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Differential activity of mGlu7 allosteric modulators provides evidence for mGlu7/8 heterodimers at hippocampal Schaffer collateral-CA1 synapses

  • Xin Lin
    Affiliations
    Department of Psychiatry, Vagelos College of Physicians and Surgeons, Columbia University, New York, New York, USA

    Division of Molecular Therapeutics, New York State Psychiatric Institute, New York, New York, USA
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  • Nicole M. Fisher
    Affiliations
    Department of Pharmacology, Vanderbilt University, Nashville, Tennessee, USA

    Warren Center for Neuroscience Drug Discovery, Vanderbilt University, Nashville, Tennessee, USA
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  • Shalini Dogra
    Affiliations
    Department of Pharmacology, Vanderbilt University, Nashville, Tennessee, USA

    Warren Center for Neuroscience Drug Discovery, Vanderbilt University, Nashville, Tennessee, USA
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  • Rebecca K. Senter
    Affiliations
    Department of Pharmacology, Vanderbilt University, Nashville, Tennessee, USA

    Warren Center for Neuroscience Drug Discovery, Vanderbilt University, Nashville, Tennessee, USA
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  • Carson W. Reed
    Affiliations
    Department of Pharmacology, Vanderbilt University, Nashville, Tennessee, USA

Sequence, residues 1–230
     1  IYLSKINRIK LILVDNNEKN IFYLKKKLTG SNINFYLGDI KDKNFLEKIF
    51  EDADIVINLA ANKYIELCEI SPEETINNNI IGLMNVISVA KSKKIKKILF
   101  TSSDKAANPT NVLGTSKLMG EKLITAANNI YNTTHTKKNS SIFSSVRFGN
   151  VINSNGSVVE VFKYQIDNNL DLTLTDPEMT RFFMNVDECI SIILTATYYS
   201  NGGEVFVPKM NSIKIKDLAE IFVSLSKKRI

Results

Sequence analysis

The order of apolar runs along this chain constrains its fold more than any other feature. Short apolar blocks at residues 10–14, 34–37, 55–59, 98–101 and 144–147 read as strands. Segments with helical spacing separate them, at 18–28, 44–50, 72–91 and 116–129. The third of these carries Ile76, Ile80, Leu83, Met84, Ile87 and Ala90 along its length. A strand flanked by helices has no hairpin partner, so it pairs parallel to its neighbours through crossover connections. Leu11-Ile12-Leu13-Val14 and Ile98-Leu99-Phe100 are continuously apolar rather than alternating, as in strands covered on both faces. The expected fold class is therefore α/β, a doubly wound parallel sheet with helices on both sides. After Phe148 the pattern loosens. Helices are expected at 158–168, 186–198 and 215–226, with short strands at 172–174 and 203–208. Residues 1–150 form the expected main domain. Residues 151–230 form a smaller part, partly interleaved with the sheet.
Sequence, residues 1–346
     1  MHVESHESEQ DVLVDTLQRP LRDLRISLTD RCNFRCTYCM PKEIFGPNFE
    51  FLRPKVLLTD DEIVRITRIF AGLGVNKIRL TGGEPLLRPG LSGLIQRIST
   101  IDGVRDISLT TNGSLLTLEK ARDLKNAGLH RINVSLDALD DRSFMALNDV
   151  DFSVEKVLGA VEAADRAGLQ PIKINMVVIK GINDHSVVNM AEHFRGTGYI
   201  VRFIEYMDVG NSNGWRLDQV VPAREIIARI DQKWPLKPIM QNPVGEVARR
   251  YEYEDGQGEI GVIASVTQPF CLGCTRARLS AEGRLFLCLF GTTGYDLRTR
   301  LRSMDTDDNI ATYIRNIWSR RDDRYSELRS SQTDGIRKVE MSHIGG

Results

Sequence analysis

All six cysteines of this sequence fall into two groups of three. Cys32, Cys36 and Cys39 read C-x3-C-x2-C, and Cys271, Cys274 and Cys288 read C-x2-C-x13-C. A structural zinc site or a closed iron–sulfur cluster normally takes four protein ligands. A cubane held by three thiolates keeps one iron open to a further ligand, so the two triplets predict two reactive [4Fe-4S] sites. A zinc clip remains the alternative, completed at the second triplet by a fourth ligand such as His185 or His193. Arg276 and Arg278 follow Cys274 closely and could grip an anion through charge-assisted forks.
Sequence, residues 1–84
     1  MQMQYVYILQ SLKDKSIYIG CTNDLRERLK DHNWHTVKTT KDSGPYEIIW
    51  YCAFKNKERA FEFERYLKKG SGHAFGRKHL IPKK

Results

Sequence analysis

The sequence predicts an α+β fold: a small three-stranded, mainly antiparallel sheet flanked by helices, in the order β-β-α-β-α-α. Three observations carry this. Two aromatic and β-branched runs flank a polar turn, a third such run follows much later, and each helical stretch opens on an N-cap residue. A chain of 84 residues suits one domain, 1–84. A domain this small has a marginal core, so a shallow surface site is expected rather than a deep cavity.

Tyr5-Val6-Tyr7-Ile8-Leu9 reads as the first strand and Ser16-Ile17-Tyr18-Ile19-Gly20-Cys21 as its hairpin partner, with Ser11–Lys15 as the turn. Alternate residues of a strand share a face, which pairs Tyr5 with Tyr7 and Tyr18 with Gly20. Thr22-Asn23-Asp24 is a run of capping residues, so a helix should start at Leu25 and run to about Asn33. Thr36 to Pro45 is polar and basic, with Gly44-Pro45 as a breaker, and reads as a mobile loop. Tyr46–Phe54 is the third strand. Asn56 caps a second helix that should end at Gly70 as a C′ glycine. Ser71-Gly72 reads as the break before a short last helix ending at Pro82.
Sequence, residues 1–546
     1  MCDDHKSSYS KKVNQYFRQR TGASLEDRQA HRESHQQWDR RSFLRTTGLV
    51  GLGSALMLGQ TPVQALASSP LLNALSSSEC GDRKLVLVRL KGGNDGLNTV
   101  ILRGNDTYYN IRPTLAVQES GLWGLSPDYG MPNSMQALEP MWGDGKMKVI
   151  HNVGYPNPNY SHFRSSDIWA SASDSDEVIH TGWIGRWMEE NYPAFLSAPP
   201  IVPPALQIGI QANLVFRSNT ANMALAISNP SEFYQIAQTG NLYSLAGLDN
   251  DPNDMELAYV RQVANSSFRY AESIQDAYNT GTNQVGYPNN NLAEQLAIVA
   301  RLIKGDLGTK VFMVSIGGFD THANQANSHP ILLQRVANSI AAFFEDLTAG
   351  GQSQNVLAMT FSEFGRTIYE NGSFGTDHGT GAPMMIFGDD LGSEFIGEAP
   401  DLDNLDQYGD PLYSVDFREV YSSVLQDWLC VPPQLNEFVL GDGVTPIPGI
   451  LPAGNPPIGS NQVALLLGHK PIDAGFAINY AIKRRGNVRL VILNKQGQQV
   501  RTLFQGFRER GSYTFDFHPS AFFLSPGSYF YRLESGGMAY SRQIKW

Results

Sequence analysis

Warren Center for Neuroscience Drug Discovery, Vanderbilt University, Nashville, Tennessee, USA
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  • Jacob J. Kalbfleisch
    Affiliations
    Department of Pharmacology, Vanderbilt University, Nashville, Tennessee, USA

    Warren Center for Neuroscience Drug Discovery, Vanderbilt University, Nashville, Tennessee, USA
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  • Craig W. Lindsley
    Affiliations
    Department of Pharmacology, Vanderbilt University, Nashville, Tennessee, USA

    Warren Center for Neuroscience Drug Discovery, Vanderbilt University, Nashville, Tennessee, USA

    Vanderbilt Institute of Chemical Biology, Vanderbilt University, Nashville, Tennessee, USA

    Department of Chemistry, Vanderbilt University, Nashville, Tennessee, USA
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  • Wesley B. Asher
    Affiliations
    Department of Psychiatry, Vagelos College of Physicians and Surgeons, Columbia University, New York, New York, USA

    Division of Molecular Therapeutics, New York State Psychiatric Institute, New York, New York, USA
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  • Zixiu Xiang
    Affiliations
    Department of Pharmacology, Vanderbilt University, Nashville, Tennessee, USA

    Warren Center for Neuroscience Drug Discovery, Vanderbilt University, Nashville, Tennessee, USA
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  • Colleen M. Niswender
    Correspondence
    For correspondence: Colleen M. Niswender; Jonathan A. Javitch
    Affiliations
    Department of Pharmacology, Vanderbilt University, Nashville, Tennessee, USA

    Warren Center for Neuroscience Drug Discovery, Vanderbilt University, Nashville, Tennessee, USA

    Vanderbilt Institute of Chemical Biology, Vanderbilt University, Nashville, Tennessee, USA

    Department of Chemistry, Vanderbilt University, Nashville, Tennessee, USA

    Vanderbilt Brain Institute, Vanderbilt University, Nashville, Tennessee, USA

    Vanderbilt Kennedy Center, Vanderbilt University Medical Center, Nashville, Tennessee, USA
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  • Jonathan A. Javitch